August 20, 2010

SNP steps up battle for Lewis Chessmen

Posted at 7:19 pm in British Museum, Similar cases

Western Isles MP, Angus MacNeil, hopes to hold talks with the British Museum about the possibility of reunifying all the Lewis Chessmen in Scotland.

Press and Journal

SNP steps up chessmen battle
Talks over moves to return historic pieces to Lewis
By Cameron Brooks
Published: 05/06/2010

THE SNP has stepped up its campaign to repatriate the historic Lewis Chessmen to Scotland.

Western Isles MP Angus Brendan MacNeil is due to hold fresh talks in the coming weeks with the British Museum, where 82 of the 93 pieces are held permanently, and the UK Government.

He is hopeful that Prime Minister David Cameron and his Cabinet colleagues will be more sympathetic to the Scottish Government’s request for the return of what is perhaps the nation’s most famous archaeological discovery.

The previous UK Government repeatedly rejected the SNP’s pleas.

In March, former culture minister Margaret Hodge said the British Museum was the right place to hold and display such important historic artefacts, but stressed its willingness to loan out exhibits.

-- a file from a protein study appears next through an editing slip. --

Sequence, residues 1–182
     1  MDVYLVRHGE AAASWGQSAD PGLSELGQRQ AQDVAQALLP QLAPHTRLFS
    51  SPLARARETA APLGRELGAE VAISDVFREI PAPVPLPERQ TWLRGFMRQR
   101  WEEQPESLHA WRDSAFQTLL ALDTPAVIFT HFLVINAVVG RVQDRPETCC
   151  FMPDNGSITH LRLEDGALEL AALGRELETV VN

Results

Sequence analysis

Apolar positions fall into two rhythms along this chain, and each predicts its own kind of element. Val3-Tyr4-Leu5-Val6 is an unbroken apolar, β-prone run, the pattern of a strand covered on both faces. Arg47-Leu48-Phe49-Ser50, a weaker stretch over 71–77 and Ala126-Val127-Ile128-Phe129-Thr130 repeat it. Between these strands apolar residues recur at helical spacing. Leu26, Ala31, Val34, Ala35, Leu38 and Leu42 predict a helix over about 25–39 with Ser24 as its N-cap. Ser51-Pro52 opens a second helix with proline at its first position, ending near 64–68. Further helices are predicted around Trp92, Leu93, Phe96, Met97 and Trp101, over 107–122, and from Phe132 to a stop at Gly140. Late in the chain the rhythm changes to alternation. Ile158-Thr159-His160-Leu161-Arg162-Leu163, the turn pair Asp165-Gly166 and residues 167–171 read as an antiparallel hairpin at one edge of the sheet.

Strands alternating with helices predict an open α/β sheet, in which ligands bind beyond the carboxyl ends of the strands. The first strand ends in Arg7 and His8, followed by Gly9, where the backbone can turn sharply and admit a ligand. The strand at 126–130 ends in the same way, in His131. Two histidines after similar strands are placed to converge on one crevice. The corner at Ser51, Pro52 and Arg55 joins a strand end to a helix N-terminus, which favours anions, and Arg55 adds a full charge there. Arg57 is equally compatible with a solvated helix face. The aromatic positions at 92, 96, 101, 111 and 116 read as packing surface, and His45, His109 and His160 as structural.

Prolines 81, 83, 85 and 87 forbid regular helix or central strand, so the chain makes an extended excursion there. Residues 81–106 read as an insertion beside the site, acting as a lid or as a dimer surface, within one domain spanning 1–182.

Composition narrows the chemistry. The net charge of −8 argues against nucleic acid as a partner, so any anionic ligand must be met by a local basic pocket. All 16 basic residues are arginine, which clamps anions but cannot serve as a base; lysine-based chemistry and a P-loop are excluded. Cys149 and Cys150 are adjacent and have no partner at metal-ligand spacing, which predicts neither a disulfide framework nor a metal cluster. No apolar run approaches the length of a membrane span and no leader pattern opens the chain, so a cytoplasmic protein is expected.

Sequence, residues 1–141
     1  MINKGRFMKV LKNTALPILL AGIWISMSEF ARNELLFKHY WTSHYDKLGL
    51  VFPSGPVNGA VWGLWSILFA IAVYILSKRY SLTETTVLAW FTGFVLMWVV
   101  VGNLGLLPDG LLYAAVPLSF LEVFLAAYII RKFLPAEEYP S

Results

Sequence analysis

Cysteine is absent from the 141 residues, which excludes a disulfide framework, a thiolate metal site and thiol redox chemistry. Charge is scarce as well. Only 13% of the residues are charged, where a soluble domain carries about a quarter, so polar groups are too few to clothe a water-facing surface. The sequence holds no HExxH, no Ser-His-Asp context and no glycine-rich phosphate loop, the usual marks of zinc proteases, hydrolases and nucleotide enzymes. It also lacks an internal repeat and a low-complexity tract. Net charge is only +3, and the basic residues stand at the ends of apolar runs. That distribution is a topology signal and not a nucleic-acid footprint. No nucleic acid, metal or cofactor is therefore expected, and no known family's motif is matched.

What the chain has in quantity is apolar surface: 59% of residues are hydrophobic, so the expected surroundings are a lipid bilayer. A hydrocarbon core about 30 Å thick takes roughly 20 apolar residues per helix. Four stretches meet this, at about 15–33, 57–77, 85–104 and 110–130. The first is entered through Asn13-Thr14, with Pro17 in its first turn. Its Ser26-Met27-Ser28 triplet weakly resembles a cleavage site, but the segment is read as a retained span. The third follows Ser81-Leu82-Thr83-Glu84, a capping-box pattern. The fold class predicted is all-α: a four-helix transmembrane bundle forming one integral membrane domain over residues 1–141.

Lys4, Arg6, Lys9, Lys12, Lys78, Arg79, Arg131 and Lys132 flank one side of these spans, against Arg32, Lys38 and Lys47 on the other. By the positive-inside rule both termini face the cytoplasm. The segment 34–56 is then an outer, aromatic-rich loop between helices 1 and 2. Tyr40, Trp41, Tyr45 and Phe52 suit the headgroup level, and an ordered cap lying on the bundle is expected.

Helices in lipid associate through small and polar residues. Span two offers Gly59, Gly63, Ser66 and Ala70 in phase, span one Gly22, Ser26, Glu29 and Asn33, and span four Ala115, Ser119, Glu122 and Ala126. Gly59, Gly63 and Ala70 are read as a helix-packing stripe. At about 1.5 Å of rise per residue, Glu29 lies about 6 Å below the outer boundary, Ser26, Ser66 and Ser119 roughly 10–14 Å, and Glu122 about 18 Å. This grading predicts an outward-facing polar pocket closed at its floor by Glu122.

Mr MacNeil said yesterday he was heartened that Western Isles Labour councillor Norman Macdonald, who represents Uig, where the chessmen were found in 1831, had said he thought some of the 1,000-year-old pieces should be on permanent display on Lewis.

“If the Lewis Chessmen were found tomorrow, I think there would be no question that they would stay in Lewis,” he said.

“Eventually, somebody is going to say it is a reasonable request and we will keep pushing that door until it opens.”

Western Isles MSP Alasdair Allan has lodged a motion in the Scottish Parliament calling for all the pieces to be returned to Scotland.

Some 15 SNP MSPs have signed it on the basis that some of the pieces should be based in Museum nan Eilean at Stornoway.

The iconic pieces, thought to have been made in Norway between 1150 and 1200, are carved out of walrus ivory and whales’ teeth.

A spokeswoman for the British Museum said the Western Isles were part of the kingdom of Norway, not Scotland, when the figures were made.

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